Research report

Lighting up our great small cities: challenging misconceptions

20 Jun 2017
CREATORS
This analysis examines Australia's 31 regional cities, their economic performance and their prospects for growth. It argues that achieving sustained growth in regional cities will require a locally tailored policy approach.

238

Share
Broad Subject Area(s): 
Geographic Coverage: 

Description

Despite their size, Australia’s great small cities’ long-term growth rates have matched those in metropolitan cities. There are good prospects for this medium-term economic performance to continue. However, recent economic outcomes have been less impressive, mirroring the general decline in Australia’s economic growth and regional cities’ significant exposure to the mining investment boom transition.

Unfortunately, Australia’s Great Small Cities are widely misunderstood. Portrayed in our national economic discussion as perpetual laggards, struggling to transition to services based new industries, too small to matter, and with little future potential. Recent challenges have been confused with long-term trends.

The Regional Australia Institute’s analysis reveals that Australia’s 31 regional cities collectively expanded their economies at 3 per cent per year from 2001-2013. They share comparable economic performance with our major cities across the key measures of growth; Output, participation, and productivity. While some regional cities are larger than others, it is not size that matters in understanding city economic performance. Australia’s economy, like other developed economies, is becoming service focused with the growth of jobs concentrating in new economy industries. Regional cities have also been making this transition and are already producing more output in new economy industries (finance, education, health and professional services) than old industries (agriculture, mining and manufacturing).

The RAI’s projections of future regional city growth are positive. Regional cities have the potential to produce $375 billion in output in 2031, representing a 65 per cent increase from 2013 levels and a contribution of 15 per cent to the national economy. Putting the output in today’s terms, regional cities in 2031 will produce twice as much as all the new economy industries alone produce in today’s metropolitan cities. But important changes are taking place in growth trajectories as the contribution of mining and population driven high growth cities has moderated. There is clear upside potential available in low and average growth regional cities, but it will not come as easily as the growth fuelled by enormous resources projects during the mining investment boom. Achieving sustained growth in regional cities will require a locally tailored policy approach. In contrast to our major cities where congestion and settlement patterns constrain performance, the goal in small cities should be to tune up the economic engine that drives growth. Across our diverse regional cities we need to nurture new industry specialisations, better enable local business growth, stimulate workforce attractiveness and build on existing lifestyle and affordability advantages as attractors for new private investment and city growth.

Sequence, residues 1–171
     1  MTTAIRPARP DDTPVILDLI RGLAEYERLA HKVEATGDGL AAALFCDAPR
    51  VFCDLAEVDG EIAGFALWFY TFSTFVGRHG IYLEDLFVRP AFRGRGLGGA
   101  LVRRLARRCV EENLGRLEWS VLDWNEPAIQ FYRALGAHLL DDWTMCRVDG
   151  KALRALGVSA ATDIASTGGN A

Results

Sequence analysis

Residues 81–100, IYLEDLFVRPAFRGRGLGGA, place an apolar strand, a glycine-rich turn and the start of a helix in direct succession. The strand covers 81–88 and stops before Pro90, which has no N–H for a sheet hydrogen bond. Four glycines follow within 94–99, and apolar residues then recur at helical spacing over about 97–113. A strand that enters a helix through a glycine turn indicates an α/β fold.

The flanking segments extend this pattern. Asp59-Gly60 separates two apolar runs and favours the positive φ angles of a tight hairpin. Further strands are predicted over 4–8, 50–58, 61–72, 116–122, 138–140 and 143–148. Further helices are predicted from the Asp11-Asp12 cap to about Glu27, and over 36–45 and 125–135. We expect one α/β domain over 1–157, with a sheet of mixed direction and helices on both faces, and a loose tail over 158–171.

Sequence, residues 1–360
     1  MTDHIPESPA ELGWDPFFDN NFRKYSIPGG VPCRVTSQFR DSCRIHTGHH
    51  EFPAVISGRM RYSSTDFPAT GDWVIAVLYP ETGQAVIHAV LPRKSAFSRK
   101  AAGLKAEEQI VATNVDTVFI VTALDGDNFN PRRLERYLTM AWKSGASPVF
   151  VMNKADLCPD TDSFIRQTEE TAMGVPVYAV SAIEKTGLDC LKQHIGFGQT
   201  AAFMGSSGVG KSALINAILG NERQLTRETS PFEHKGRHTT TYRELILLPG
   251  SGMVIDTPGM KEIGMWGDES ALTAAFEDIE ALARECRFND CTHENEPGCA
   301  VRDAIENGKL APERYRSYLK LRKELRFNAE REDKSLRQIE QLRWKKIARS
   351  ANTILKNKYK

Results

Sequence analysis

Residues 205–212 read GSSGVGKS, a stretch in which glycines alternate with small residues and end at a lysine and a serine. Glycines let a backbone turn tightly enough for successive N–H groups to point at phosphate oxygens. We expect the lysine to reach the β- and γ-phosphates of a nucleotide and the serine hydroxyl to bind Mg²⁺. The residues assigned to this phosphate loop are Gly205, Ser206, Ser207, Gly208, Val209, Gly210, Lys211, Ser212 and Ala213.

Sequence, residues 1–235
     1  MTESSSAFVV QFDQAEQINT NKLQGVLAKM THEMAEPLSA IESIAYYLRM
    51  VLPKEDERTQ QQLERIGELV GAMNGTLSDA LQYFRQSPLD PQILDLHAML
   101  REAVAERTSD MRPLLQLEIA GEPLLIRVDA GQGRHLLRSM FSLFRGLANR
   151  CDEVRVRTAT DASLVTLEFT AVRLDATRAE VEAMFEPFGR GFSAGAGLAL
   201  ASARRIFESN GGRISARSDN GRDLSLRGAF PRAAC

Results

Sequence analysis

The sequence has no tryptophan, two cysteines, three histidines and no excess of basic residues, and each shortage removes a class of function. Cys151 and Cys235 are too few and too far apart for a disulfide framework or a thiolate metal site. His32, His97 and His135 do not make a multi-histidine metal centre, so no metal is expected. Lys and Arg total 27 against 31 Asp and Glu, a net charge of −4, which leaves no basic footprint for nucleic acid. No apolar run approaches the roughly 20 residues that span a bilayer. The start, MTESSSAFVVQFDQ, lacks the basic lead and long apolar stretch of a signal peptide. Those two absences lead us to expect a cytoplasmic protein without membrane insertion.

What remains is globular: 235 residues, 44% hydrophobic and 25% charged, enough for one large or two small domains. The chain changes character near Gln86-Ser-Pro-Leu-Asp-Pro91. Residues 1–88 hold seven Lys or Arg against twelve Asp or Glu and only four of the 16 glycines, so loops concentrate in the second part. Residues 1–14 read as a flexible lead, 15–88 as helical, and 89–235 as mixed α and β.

The RAI estimates that if good policy and increased investment can facilitate an increase of only 0.6 per cent annual compounding growth for the slow and steady regional cities, then an additional $3 billion can be added the national economy by 2031. Delivering a total output (GVA) of $378 billion from regional cities. In today’s economic terms, this is equivalent to half of what the government is expected to spend in 2016/17 on the fuel tax credits scheme. This comparison highlights that even low performing regional city economies are still growing strongly and require little stimulation to achieve average national growth.

The companion report to this one, Blueprint for Investing in Regional City Deals, looks at how to lift economic performance in regional cities. The Blueprint addresses one issue – is a city ready for a City Deal? In addressing this, two questions emerge (i) Are city economic engines ready? and (ii) Are cities ready? Both components draw heavily from UK City Deal experiences and the underlying data provided in this report. The Blueprint provides guidance to local, state and federal government, as well as private businesses and community groups on which cities are ready to deal.

Advertisement

 

PUBLICATION DETAILS

Resource Type: 
APO URI: http://apo.org.au/node/96076
License Type: 
All Rights Reserved